When automotive magnate Herb Chambers sold off his property at 75 Morrissey Boulevard last month, it did not come as a huge surprise. His latest plan to build a hulking Jaguar-Land Rover dealership on the site landed with a thud among civic leaders who viewed the design, which included a tunnel through the middle of the building to accommodate a future roadway.
Chambers telegraphed that if he could not build his desired dealership, he’d probably sell the site. There was a general presumption that the likely buyer would be Center Court— the same outfit that had a deal in place to buy the now-empty Boston Globe campus at 135 Morrissey Blvd., right next to Chambers’ parcel.
But in May, the Globe’s ownership acknowledged that the deal to sell to Center Court— a transaction reportedly valued at more than $80 million— had collapsed.
When the Reporter later uncovered that a subsidiary of Center Court had gone ahead and bought Chambers out for $14.5 million on June 27, the story raised a few eyebrows— including those of Herb Chambers.
“I was surprised that they closed on the property,” Chambers told the Reporter this week. “I thought that our deal would not happen. What their plans are next, I have no idea.”
Sean Keohan, the Globe’s chief operating officer, signaled to the Reporter last month that a new deal to sell its property could be imminent. “We’re in the middle of a process right now, and we hope to be under agreement shortly,” Keohan said, adding that “multiple parties” were in the mix.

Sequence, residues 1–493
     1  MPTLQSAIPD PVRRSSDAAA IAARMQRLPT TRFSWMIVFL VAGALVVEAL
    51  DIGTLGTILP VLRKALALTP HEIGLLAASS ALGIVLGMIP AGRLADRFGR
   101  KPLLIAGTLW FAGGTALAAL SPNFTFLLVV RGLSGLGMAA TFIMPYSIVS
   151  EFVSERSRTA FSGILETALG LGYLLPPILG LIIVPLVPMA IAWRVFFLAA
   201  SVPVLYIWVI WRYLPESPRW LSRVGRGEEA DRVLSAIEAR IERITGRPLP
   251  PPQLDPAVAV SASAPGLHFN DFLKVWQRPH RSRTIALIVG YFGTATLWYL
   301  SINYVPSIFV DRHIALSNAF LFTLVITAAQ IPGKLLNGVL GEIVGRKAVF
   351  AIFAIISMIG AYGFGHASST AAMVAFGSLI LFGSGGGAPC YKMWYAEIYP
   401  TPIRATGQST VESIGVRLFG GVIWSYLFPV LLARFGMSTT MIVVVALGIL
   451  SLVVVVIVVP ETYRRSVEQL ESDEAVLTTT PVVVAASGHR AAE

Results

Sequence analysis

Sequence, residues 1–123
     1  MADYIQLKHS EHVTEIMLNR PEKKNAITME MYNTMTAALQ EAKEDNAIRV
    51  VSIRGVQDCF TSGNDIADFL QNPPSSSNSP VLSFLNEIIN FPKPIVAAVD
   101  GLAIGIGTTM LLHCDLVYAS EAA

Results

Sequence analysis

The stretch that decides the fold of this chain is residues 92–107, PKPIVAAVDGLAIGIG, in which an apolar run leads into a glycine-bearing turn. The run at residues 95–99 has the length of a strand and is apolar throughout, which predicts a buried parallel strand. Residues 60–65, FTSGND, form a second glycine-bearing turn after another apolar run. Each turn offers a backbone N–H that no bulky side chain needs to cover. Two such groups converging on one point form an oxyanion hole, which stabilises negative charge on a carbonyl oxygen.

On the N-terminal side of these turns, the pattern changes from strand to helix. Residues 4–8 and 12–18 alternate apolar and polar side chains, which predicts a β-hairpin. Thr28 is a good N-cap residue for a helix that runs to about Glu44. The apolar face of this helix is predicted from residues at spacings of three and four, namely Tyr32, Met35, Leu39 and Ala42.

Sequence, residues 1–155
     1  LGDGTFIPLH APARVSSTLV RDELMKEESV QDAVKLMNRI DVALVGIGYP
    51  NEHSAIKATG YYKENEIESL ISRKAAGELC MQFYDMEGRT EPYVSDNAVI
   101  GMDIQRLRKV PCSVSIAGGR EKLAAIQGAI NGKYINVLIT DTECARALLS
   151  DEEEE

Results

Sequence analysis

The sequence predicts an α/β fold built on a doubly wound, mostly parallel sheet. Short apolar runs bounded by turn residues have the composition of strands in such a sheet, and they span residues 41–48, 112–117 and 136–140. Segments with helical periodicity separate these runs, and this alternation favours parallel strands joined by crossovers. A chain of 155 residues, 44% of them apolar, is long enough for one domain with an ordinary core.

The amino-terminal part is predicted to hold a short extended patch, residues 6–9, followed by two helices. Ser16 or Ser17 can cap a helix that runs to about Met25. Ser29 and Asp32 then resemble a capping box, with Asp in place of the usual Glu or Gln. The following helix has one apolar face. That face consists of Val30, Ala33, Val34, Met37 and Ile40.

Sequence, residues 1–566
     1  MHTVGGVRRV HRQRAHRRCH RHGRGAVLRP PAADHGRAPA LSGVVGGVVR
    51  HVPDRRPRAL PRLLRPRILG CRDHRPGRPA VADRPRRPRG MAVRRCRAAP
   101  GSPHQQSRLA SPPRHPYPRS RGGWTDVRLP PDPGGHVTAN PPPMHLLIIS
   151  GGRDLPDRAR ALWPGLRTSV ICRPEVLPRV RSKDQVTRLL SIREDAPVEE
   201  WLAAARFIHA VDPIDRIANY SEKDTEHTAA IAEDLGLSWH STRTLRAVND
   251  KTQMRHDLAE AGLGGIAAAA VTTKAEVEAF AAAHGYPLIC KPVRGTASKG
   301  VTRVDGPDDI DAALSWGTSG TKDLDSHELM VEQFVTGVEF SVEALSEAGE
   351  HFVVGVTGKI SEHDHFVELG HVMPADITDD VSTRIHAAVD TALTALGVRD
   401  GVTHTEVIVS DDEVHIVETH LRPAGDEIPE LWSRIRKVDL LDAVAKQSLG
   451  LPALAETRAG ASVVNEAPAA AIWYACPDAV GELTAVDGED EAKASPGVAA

Chambers told the Reporter that he is not— and was never— interested in buying the 16.5-acre Globe campus. But he acknowledged that the uneven “headwinds” created by the chaotic nature of affairs next door definitely hampered his plans. “We were somewhat held captive because of the sale of the Globe property,” he said, expressing regret that he could not fulfill his vision for building a dealership on the former WLVI-TV56 site, a property that held “a very strong personal interest” for the Dorchester born-and-bred auto magnate.
“That was not my first choice,” Chambers said of selling the land. “I wanted to build the dealership and I was looking to put more money in. I thought it would have been terrific.”
He is now apprehensive about trying to site another dealership in this part of the city, and is instead looking to acquire land near the site of the casino project in Medford. “It puts me into a bad situation with the [auto] manufacturers when it delays their plans,” he said.